Formula 1 World Championship
The French Grand Prix (French: Grand Prix de France), formerly known as the Grand Prix de l’ACF, is a race held as part of the Fédération Internationale de l’Automobile’s annual Formula One automobile racing championships. It is one of the oldest motor races in the world. It ceased shortly after its centenary in 2008 with 86 races having been held, a victim of finances and unfavourable venues.
The race is scheduled to return to the Formula One calendar in 2018 at the established Circuit Paul Ricard. Unusually even for a race of such longevity, the location of the Grand Prix has moved frequently with 16 different venues having been used over its life, a number only eclipsed by the Australian Grand Prix of the older races. It is also one of four races (along with the Belgian, Italian and Spanish Grands Prix) to have been held as part of the three distinct Grand Prix championships (World Manufacturers’ Championship (late 1920s), European Championship (1930s), Formula One World Championship (since 1950)).
The Grand Prix de l’ACF was tremendously influential in the early years of Grand Prix racing, leading the establishment of the rules and regulations of racing as well as setting trends in the evolution of racing. The power of original organiser, the Automobile Club de France, established France as the home of motor racing organisation.
The Circuit Paul Ricard is a motorsport race track built in 1969 at Le Castellet, near Marseille, in France, with finance from the eccentric pastis magnate Paul Ricard. Ricard wanted to experience the challenge of building a racetrack. The track is characterised by its long Mistral straight (1.8 km) and elongated track design. The track is also unusual in that it is built on a plateau, and is very flat. The length of the full track is around 5.861 km (3.642 mi). In 1986 the track was modified to shorten the circuit, by adding a chicane in the middle of the Mistral Straight. This shorter circuit is also known as the GP short circuit and is 2.369 miles (3.8 km) long. The track offers 167 possible configurations from 826 to 5,861 metres. The track’s elevation ranges from 408 to 441 metres above sea level. Its flexibility and mild winter weather mean that it is used for testing by several motorsport teams, including Formula One teams. The track is known for its distinctive black and blue runoff areas known as the Blue Zone. The runoff surface consists of a mixture of asphalt and tungsten, used instead of gravel traps, as common at other circuits. A second, deeper run-off area is the Red Zone, with a more abrasive surface designed to maximize tyre grip and hence minimize braking distance, although at the cost of extreme tyre wear. The final safeguard consists of Tecpro barriers, a modern improvement on tyre barriers.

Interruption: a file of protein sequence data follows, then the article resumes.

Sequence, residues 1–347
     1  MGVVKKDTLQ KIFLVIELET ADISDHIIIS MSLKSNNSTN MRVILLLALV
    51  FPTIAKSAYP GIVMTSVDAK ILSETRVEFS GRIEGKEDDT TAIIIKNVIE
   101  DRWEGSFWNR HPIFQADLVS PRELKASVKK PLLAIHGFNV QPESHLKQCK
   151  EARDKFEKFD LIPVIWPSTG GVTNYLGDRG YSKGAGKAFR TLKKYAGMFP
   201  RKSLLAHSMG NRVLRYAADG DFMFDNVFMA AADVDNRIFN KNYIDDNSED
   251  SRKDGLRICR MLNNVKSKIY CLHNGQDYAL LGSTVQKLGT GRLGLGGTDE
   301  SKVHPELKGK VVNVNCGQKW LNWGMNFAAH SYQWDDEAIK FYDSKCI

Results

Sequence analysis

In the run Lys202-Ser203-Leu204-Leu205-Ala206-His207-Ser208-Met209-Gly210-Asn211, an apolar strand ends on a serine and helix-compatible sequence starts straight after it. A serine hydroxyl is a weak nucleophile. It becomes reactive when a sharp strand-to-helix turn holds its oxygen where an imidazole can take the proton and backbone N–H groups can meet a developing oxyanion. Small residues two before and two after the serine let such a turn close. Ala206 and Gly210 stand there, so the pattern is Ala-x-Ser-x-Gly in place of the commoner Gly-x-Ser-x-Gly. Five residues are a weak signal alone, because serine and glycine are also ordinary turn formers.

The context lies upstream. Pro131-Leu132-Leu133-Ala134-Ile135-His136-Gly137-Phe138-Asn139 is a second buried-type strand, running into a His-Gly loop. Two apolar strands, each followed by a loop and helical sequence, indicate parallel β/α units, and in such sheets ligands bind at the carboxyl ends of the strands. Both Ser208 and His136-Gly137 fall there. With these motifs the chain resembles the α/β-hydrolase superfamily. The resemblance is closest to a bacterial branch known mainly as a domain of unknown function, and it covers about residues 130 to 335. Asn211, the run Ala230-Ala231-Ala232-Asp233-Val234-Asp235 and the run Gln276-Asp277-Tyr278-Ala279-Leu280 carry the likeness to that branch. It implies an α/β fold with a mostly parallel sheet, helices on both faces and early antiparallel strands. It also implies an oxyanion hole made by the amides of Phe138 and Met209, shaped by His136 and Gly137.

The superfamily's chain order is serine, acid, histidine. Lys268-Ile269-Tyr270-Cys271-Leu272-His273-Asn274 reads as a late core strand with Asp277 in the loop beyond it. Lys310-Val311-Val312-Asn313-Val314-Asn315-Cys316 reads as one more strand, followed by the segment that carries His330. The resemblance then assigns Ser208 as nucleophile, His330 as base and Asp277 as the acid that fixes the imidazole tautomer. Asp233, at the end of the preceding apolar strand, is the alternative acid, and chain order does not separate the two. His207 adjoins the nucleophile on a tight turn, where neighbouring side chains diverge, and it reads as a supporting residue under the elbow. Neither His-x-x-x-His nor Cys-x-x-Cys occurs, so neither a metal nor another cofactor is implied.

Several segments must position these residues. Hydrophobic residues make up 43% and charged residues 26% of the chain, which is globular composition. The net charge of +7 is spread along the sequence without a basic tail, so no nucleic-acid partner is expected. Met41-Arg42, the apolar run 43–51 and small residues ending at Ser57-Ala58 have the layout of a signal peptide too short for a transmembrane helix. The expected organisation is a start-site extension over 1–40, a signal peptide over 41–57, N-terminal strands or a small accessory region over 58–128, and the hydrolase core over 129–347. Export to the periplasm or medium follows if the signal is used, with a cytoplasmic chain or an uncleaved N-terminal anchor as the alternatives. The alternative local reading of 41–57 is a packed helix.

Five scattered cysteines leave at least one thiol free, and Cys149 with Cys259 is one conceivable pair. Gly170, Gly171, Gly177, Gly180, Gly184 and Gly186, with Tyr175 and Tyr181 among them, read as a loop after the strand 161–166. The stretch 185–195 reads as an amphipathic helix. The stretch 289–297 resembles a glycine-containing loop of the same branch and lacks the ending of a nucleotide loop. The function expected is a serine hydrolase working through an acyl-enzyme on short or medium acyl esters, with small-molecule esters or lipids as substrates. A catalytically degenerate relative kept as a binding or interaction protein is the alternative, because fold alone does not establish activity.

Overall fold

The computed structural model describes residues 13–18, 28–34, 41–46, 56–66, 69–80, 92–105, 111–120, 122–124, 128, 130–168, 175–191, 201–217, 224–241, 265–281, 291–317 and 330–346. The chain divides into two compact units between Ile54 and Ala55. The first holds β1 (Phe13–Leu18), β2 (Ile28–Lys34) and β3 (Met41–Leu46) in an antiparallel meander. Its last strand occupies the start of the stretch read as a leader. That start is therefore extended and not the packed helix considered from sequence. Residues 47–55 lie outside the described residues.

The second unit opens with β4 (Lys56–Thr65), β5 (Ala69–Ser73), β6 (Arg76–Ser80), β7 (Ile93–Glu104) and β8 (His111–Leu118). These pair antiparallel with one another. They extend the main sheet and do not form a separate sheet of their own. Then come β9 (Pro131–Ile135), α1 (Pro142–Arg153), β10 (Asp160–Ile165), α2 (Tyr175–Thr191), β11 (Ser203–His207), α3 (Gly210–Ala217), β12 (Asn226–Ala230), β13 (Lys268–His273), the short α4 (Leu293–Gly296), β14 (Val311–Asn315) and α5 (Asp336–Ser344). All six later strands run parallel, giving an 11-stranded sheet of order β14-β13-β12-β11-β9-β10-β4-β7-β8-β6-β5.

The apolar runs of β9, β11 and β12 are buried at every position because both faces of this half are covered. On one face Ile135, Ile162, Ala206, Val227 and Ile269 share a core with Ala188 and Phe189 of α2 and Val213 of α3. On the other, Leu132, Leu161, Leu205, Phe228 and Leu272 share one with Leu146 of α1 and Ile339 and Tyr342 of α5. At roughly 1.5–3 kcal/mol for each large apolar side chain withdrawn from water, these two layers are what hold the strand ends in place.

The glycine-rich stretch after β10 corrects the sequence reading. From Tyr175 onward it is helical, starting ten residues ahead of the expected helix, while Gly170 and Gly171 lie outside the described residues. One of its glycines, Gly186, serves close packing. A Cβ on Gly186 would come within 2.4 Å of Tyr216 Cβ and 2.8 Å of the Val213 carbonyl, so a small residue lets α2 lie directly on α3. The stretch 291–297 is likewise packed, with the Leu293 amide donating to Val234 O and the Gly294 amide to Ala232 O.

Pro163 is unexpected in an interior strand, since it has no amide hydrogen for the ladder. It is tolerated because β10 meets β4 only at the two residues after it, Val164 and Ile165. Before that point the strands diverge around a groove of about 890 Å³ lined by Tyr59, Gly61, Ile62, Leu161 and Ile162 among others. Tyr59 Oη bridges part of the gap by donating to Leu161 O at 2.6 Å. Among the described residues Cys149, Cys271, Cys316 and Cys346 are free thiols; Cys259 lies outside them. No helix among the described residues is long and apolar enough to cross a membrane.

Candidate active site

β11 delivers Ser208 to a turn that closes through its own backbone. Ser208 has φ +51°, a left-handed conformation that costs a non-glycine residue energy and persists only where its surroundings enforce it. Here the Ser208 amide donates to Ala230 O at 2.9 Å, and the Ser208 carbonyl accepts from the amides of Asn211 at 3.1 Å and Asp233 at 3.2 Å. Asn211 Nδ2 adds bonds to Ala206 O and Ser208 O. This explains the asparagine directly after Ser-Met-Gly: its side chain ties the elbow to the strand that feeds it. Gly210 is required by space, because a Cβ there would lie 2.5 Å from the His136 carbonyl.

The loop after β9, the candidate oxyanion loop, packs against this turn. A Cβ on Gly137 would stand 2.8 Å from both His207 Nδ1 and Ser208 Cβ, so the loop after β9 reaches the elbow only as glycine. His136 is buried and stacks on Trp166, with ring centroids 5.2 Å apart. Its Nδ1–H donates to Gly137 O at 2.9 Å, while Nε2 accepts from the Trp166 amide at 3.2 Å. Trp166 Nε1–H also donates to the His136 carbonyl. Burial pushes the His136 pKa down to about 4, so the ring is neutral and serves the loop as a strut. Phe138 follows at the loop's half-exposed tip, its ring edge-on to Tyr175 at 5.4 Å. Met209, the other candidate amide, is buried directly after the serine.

Number of laps : 53
Circuit length : 5.861 km
Race distance : 310.633 km